Oil Export More Profitable Than Gas

Oil Export More  Profitable Than Gas Oil Export More  Profitable Than Gas

Oil export tops the National Iranian Oil Company’s priority, as its profit margin is not comparable with that of gas,

Oil Minister Bijan Namdar Zanganeh made the statement in a televised interview Monday night while elaborating on the achievements of the Third Summit of Gas Exporting Countries Forum held earlier in the day, Shana reported.

Referring to the maximum production cost of each barrel of oil amounting to roughly $7, Zanganeh said, “Selling each barrel means reaping a $39 profit, which is definitely not true for gas.”

Zanganeh noted that the most important advantage of having access to natural gas is to replace oil products with it to develop domestic industries.

In other words as long as new oilfields can be discovered, there is need neither to extract gas nor to export it. However, injecting gas to oil reserves seems to be economically viable.

On whether GECF members compete or cooperate, the oil minister said, “Concerning untapped potentials which differ in different states, the competition cannot be helped. Nonetheless, presence in international arena has taught us that competition cannot be an impediment to cooperation.”

“OPEC members have always done their best to increase their market share to guarantee their national interest, yet when it comes to regulating prices, they usually get together and try to address the issue effectively,” he said.

Asked about competition with Russia to supply Europe with gas, the official added that producers normally do not like to have any rivals so that they can dominate the market. On the other hand, end users like to choose the providers whose prices are more reasonable.

  Maximizing Market Share

According to Zanganeh, the most vital concern for Iran is to maximize its oil market share. Moreover, reaching out to neighboring states is Iran’s major priority. As the target destination gets farther, laying pipeline is less economically viable, yet liquefied natural gas export will always be an option.

Underscoring the new gas price formulation being devised by the GECF secretariat, he noted, “Due to various influential factors, the members have not agreed on a certain price yet. Natural gas does not have an international price as it is exchanged locally because of astronomic costs incurred while transferring it via pipelines, and interestingly they should all be covered by exporters.”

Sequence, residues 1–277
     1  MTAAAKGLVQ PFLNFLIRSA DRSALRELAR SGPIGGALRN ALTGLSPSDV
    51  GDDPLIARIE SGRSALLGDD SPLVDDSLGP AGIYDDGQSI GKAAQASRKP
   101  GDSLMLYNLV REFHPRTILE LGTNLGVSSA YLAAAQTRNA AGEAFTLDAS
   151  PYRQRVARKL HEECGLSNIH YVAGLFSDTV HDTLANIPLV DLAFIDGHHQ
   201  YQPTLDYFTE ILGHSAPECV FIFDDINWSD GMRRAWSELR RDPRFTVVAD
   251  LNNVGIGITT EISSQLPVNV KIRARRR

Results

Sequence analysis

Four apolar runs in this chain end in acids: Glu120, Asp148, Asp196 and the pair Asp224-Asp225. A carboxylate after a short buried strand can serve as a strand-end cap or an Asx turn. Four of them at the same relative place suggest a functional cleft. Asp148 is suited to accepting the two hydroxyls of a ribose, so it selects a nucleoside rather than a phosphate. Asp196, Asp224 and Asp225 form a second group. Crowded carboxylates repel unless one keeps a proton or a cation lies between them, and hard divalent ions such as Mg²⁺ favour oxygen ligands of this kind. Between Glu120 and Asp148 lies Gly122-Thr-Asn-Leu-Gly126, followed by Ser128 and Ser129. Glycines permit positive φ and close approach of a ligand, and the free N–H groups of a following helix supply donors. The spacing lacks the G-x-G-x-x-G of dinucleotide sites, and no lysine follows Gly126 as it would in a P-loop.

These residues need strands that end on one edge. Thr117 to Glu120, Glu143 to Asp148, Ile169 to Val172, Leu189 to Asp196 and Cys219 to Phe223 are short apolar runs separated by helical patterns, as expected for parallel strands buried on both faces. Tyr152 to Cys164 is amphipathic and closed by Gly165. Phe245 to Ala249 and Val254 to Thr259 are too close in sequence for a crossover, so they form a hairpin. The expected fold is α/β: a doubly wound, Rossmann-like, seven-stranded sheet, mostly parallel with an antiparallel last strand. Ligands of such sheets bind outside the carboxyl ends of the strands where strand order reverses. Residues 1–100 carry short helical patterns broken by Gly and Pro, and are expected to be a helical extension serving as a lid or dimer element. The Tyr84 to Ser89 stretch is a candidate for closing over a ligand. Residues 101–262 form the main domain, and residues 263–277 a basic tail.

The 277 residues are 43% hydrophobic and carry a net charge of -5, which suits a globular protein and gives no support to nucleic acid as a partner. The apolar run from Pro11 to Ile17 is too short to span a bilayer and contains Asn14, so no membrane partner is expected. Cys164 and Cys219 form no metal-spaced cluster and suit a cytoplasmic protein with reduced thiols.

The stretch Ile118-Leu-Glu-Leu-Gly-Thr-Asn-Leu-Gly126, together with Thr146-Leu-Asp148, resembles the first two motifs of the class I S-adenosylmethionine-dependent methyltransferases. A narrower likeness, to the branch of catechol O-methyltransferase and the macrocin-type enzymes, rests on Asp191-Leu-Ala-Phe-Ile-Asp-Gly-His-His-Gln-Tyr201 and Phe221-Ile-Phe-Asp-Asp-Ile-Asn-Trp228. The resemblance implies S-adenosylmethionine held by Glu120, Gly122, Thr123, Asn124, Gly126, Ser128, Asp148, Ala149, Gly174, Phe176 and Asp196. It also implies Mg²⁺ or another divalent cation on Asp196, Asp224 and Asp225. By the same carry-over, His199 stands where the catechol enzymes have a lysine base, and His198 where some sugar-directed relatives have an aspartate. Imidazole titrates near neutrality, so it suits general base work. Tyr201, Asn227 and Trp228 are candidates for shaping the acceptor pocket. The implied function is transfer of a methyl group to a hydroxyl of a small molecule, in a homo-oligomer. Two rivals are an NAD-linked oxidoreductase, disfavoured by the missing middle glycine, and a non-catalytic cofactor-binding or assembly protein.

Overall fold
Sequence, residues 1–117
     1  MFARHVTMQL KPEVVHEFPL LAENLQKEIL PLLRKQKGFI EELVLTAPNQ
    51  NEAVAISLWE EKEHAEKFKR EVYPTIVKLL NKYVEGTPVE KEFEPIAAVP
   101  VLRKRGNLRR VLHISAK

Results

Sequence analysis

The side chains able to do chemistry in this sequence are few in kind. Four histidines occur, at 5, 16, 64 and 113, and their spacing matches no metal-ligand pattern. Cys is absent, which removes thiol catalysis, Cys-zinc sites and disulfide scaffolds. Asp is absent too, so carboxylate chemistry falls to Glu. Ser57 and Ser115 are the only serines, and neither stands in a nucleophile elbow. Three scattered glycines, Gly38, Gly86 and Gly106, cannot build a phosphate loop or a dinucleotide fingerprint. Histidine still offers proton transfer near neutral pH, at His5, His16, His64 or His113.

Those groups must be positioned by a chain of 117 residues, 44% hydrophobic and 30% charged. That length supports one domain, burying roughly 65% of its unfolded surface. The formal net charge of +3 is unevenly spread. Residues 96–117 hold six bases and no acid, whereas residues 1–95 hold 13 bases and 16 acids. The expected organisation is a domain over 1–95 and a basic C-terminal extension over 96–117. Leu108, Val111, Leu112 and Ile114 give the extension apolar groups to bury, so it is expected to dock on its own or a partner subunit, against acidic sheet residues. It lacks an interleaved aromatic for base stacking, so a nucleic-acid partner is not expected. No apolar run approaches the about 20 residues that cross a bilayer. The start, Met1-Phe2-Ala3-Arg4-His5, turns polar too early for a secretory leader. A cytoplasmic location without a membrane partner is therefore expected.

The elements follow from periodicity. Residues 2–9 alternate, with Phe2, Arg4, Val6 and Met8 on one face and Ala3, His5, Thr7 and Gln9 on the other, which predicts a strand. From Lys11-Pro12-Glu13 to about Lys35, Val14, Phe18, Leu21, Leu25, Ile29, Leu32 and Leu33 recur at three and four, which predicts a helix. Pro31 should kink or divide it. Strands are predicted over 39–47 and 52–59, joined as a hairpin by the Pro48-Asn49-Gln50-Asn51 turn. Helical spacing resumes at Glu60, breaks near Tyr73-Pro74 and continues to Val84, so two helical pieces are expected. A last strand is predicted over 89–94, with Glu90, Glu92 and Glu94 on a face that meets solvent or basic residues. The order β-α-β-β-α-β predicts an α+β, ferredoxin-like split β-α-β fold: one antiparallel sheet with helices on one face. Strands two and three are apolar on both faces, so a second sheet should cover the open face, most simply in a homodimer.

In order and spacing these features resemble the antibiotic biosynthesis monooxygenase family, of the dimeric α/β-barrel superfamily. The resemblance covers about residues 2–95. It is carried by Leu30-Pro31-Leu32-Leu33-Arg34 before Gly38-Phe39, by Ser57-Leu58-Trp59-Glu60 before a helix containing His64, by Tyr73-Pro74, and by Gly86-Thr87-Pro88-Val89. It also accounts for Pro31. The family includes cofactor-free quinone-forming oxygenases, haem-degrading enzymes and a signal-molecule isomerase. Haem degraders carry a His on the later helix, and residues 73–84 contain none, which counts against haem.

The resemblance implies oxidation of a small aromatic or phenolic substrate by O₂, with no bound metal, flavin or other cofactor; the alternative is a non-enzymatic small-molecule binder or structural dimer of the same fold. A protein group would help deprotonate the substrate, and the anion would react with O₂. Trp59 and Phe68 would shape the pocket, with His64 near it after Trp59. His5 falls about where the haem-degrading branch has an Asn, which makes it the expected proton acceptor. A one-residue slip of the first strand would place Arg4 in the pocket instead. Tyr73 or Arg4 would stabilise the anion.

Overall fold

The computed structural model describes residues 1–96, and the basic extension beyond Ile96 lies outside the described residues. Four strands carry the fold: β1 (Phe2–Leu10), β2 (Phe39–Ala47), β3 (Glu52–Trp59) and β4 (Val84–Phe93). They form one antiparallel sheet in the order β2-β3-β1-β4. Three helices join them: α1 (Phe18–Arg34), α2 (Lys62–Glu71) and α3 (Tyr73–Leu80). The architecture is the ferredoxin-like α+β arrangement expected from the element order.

“There are no long-term oil contracts between Iran and other countries and even in one-year contracts, prices are set by oil stock exchange transactions. Nonetheless, it is not possible to apply such a strategy to formulate the gas price because gas contracts are usually long-term. Besides, gas single consignment market is not big enough to overshadow the market, “he said.

Zanganeh believes that the profit margin of exporting natural gas via pipeline is decreasing day in day out, whereas thanks to technology development, LNG production and transit are getting more and more financially viable, which explains why extending a 3000-kilometer pipeline to India does seem to be feasible.

Pointing to the 35-month plan to implement the South Pars 17 phases, he noted that even the contractors were well aware of the fact that it was impossible to complete such a mega project in the said period. Still, we are determined to make them operational although it has put a heavy financial burden on the 11th administration’s shoulder.

Energy consumption in Iran has turned out to be a formidable challenge and if the current trend continues, the total amount of gas produced in the country will have to be used domestically by 2035 and there will be no room to maneuver on export.

According to the official, plans have been made to raise gas production capacity as much as 1000 million cubic meters per day in two years, yet such an ambition seem to be too big to be fulfilled given the current energy consumption which has witnessed a drastic rise recently.